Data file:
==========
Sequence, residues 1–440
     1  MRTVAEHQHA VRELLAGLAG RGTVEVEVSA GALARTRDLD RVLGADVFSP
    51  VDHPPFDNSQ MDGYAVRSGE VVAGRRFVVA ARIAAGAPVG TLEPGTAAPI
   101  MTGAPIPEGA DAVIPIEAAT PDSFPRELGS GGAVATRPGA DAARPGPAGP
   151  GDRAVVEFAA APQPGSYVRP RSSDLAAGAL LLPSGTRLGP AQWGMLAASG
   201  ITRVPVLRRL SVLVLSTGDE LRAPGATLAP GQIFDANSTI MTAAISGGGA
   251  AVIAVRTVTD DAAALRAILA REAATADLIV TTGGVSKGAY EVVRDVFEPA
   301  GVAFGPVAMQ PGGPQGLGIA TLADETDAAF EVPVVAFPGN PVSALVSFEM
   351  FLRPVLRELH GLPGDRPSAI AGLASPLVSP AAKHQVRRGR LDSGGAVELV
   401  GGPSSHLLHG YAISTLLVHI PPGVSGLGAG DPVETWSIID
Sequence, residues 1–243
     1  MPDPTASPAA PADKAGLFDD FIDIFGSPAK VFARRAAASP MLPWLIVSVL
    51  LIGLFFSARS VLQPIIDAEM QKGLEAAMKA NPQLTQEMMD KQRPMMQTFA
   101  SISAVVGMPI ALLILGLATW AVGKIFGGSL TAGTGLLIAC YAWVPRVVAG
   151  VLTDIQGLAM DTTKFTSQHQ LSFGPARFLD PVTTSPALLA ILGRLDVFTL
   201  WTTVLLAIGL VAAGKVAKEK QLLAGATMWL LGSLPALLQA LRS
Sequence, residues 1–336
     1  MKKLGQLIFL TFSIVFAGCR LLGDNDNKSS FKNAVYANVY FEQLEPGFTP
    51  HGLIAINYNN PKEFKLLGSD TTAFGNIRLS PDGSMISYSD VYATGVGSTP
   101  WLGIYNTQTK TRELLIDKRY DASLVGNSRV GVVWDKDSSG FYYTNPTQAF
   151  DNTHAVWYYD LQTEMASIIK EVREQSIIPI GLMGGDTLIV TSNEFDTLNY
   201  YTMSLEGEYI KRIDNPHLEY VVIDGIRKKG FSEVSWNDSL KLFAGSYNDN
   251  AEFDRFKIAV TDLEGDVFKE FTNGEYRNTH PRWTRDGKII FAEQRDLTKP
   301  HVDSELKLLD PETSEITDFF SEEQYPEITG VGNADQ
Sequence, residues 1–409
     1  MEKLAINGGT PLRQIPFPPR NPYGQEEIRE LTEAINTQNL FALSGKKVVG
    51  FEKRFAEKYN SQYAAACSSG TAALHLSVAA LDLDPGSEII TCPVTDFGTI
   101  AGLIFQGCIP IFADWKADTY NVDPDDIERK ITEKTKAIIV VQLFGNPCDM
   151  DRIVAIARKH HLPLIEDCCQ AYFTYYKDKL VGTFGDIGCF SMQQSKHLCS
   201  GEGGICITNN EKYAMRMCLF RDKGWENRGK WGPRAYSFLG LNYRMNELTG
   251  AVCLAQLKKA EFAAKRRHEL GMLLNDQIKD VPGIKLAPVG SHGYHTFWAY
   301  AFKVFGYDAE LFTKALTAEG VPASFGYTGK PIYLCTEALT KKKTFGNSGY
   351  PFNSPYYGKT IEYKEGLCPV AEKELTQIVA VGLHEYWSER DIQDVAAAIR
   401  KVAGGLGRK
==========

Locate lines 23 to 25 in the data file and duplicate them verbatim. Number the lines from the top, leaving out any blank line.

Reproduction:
   251  AEFDRFKIAV TDLEGDVFKE FTNGEYRNTH PRWTRDGKII FAEQRDLTKP
   301  HVDSELKLLD PETSEITDFF SEEQYPEITG VGNADQ
Sequence, residues 1–409